If you are investing in a power sander, a random-orbit sander is probably the best choice for most common sanding jobs around the home. There is little point buying a selection of different sanders when hiring a specialised sander for the day is so cheap. A random-orbit sander will cope well with most tasks, are generally fairly cheap to buy and easy to use.
Choosing A Sander
When buying a random-orbit sander you should, as with any power tool, buy the best quality that your budget allows. At the very least the sander should have a 125mm sanding pad (preferably with Touch and Close fastenings), a locking switch for continuous operation, and some way to extract dust (either a built-in dust bag or vacuum attachment). You will almost certainly have a few sanding discs included with a new sander, but it is also worth buying a selection of different grades so you know you have them when needed.
Choosing Sanding Discs
Sanding discs for random-orbit sanders are usually made of aluminium oxide grit, bonded to a strong but flexible backing fabric. If the sander has a built-in dust extraction system, the sanding pad and discs will have holes in them (to allow extraction through the pad). Make sure that any replacement discs you buy have holes and that they match up with those on the pad. Sanding discs are available in a variety of grades.
Course to medium grades are for removing a lot of material quickly, whilst fine or extra fine grades are for finishing off a surface. Depending on the brand, the discs might be labelled as coarse, fine, etc, or they may have a numbering system. In almost all cases, the lower the number, the coarser the grit (180 would be a typical coarse disc and 400 a fine disc).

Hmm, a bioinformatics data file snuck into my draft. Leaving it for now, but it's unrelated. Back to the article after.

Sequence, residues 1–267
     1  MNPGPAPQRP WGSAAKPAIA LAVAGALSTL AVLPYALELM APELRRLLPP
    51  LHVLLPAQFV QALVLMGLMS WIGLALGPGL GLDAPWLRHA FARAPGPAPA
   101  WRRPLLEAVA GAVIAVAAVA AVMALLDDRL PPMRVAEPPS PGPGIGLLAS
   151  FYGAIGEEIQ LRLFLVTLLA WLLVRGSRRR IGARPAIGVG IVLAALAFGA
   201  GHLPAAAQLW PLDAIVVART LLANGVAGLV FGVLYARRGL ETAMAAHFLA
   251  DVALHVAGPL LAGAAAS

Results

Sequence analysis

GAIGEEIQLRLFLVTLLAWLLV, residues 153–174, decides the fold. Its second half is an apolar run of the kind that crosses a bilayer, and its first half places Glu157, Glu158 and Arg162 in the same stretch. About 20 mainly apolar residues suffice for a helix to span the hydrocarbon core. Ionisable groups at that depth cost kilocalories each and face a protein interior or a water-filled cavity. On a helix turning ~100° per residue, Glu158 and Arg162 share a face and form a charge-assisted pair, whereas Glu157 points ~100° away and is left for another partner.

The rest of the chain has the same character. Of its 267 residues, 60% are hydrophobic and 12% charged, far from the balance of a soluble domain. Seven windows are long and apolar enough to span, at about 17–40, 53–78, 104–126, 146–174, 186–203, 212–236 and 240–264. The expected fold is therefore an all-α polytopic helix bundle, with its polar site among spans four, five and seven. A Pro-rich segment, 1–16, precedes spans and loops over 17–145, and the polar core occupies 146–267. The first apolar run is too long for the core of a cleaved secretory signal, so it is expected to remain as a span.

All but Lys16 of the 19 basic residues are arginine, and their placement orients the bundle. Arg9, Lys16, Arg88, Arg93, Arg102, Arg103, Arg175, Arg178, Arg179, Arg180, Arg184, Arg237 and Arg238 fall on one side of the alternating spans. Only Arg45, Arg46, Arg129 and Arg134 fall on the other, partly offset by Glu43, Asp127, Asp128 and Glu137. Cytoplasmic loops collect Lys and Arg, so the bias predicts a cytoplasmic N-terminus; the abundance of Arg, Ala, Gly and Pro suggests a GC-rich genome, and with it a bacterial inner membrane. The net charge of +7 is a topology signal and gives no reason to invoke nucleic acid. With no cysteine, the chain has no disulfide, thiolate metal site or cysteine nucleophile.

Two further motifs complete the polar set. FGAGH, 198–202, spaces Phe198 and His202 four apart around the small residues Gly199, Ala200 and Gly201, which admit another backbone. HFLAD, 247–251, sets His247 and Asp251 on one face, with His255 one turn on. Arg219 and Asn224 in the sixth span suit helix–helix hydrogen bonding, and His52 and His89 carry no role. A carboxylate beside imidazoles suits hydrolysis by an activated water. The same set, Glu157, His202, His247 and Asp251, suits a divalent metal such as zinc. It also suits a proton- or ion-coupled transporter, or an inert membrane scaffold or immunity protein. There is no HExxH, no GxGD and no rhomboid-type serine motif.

How to use the Sander
Random-orbit sanders are designed to leave as few scratch marks as possible, but you still need to make sure you are using the correct grade disc for the job in hand. It is almost impossible to completely avoid scratch marks when using a coarse abrasive disc.
1. Choose a disc of the grade required for the job and carefully attach it to the sanding pad. Make sure that the holes in the dics (if any) line up with the holes in the pad. Press the disc firmly and evenly onto the pad, making sure it is attached across the entire surface.
2. If the sander has a dust bag, attach this now. The dust bag on this type of sander will usually have a elasticated opening that fits over a lip around the exhaust pipe on the sander. If it uses a vacuum extraction system, attach the hose using the supplied adapter and switch the vacuum cleaner on.
3. Holding the sanding disc flat against the surface of the material, switch the sander on and start to move the sander backwards and forwards. Keep the pressure even and keep your strokes slow and steady. Don’t be tempted to move the sander in a circular motion as this reduces the effectiveness of the disc.
4. For jobs such as removing paint from a door, start with a coarse disc until the paint has been removed and then switch to a fine disc to finish the surface. If you are working on something like the bottom of a door or any piece of timber that will be hidden from sight, the coarse disc is all you need to use. For surfaces that need to be very flat (a table top for example), it is best to gradually change disc grades, passing over the surface with each grade until you can finish with extra fine.
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